Canadian utilities energy saving trends
By John McMalcolm
Energy bills are expected to keep rising in certain parts of Canada, and therefore, households and businesses should start taking effective measures to save energy.
Conserving energy does not only result in significant monetary savings; it can also contribute positively to the environment.
Canadians who wish to lower their energy consumption can seek advice from their utility companies. Most of the utility companies in the country offer helpful information and a variety of programs to help their customers save money.
Providing energy saving tips
Canadians need to develop energy-saving habits in order to gain substantial savings.
They can learn how to do this by visiting the websites of their utility companies. Most utilities in Canada offer energy-conservation tips and tools on their websites.
For instance, Ontario utility company Independent Electricity System Operator, or IESO, has a page that offers many year-round and season-specific tips for reducing energy consumption and Manitoba Hydro provides a tool for comparing typical heat and water costs in homes. Some energy-saving measures may involve remodeling work or the purchase of certain devices, while others can be done with just a little extra effort.
Energy-saving programs and products
Another thing that Canadians can do to reduce their energy costs is to participate in the energy-conservation programs that are offered by their utilities.
These programs may be developed by utility companies, state energy authorities or manufacturers of energy-efficient products, and they include demand response programs, heating and cooling incentive programs, appliance rebate programs, fridge buy-back programs and others.
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One of the most effective energy-saving programs that are available in Canada is the peaksaver PLUS program.
Administered by Honeywell, this program is being offered by several Ontario-based utility companies, such as Hydro Ottawa, Burlington Hydro, PowerStream and Horizon Utilities.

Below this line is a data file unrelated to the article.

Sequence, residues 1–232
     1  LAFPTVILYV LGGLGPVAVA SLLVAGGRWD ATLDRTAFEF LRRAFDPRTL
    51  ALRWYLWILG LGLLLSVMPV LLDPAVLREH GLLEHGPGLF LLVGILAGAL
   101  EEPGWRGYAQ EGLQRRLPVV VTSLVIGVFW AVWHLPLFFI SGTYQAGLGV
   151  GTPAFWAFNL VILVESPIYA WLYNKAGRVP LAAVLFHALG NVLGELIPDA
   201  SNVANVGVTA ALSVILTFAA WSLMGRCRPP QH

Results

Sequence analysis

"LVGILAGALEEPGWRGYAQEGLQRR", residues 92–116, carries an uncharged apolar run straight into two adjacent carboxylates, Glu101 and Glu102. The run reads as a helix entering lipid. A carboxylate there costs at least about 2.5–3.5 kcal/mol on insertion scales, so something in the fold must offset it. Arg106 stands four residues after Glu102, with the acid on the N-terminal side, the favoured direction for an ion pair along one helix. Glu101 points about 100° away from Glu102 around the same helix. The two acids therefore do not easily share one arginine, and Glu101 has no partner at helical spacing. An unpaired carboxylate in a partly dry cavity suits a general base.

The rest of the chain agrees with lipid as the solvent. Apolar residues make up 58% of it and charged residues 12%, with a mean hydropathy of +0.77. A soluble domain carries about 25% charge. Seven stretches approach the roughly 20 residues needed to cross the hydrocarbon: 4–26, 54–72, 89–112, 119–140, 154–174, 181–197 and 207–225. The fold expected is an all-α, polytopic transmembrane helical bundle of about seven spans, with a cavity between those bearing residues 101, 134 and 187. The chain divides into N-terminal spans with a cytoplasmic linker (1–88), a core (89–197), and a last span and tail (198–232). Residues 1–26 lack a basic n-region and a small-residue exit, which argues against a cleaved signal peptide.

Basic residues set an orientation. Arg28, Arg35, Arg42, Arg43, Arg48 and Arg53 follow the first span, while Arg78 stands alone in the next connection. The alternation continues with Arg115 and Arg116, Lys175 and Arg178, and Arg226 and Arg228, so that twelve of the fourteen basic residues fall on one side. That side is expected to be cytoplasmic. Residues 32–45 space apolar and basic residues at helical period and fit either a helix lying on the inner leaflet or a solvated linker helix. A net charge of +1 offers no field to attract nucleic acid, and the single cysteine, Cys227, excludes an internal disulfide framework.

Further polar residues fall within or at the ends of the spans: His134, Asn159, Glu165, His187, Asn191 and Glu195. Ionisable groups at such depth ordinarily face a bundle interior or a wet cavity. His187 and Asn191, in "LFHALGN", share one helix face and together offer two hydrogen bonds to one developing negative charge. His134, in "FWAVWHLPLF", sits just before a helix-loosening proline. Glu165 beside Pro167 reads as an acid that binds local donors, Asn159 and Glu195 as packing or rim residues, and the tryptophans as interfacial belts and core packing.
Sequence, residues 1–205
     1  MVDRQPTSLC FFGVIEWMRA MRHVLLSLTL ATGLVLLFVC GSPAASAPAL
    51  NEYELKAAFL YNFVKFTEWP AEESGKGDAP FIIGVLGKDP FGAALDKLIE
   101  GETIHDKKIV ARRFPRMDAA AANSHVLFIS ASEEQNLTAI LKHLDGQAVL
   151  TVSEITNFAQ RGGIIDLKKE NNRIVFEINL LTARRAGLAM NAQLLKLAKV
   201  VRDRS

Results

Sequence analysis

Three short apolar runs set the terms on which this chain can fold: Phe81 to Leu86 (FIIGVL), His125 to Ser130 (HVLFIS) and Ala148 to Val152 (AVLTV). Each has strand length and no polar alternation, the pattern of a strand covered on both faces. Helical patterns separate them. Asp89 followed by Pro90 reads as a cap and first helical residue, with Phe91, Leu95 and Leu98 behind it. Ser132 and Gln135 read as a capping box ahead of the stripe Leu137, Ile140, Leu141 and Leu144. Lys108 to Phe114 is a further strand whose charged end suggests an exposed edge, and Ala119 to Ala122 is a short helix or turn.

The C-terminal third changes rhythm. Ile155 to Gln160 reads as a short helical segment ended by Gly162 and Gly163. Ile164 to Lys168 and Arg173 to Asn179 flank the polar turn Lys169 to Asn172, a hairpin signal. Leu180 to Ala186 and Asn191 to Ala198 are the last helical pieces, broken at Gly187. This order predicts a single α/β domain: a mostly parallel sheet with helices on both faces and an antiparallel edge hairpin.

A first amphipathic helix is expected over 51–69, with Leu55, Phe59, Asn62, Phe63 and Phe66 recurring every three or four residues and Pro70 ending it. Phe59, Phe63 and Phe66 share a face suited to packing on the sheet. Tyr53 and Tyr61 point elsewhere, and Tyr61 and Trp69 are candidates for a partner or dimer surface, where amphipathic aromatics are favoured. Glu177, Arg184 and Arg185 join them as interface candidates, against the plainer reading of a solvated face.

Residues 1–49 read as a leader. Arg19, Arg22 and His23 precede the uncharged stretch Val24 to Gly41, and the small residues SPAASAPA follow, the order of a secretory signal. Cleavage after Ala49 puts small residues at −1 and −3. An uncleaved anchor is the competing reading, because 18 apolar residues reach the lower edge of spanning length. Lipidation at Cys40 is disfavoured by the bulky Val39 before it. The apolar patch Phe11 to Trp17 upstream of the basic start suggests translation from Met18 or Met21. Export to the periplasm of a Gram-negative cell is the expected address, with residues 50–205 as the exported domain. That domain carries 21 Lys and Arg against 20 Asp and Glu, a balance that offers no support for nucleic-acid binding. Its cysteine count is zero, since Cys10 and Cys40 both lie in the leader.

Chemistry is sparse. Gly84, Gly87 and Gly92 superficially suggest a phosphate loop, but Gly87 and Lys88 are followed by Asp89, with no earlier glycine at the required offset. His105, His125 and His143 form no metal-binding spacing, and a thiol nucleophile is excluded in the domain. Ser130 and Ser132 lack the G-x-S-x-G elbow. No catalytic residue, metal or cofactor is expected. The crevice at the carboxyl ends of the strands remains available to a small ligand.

It provides customers with tools such as the UtilityPRO programmable thermostat and PowerCost Monitor to enable them to manage their energy consumption more effectively.
Most energy-conservation programs involve the use of certain energy-saving devices, which can range from smart meters to compact fluorescent lights. Some utilities also offer discount coupons for energy-efficient products, as well as rewards for certain amounts of energy saved.
Assistance for low-income energy consumers
State energy boards, utility companies and energy consumer associations in Canada have been working together to develop a number of programs to help low-income households deal with rising energy costs.
One program that low-income households can apply for is the Low-Income Energy Assistance Program, or LEAP. This program consists of three components, namely, emergency financial assistance, targeted energy-conservation programs and special rules for low-income customers.
Some utility companies also offer free energy-saving kits, home energy assessment, energy coaching and energy-efficient upgrades for low-income households.
If they are willing to work with their utility companies, Canadians can learn many effective ways to reduce their energy costs.
By following energy-saving tips, using energy-efficient devices and upgrading their homes or buildings, they may be able to save hundreds or even thousands of dollars every year.
About the Author: John McMalcolm is a freelance writer who writes on a wide range of subjects, including "why businesses should adopt cloud computing", "how a bill alertaffects credit score" and others.
Ofwat allows retailers to raise prices from April
Retailers can recover a portion of excess bad debt by temporarily increasing prices from April 2022, according to an Ofwat statement.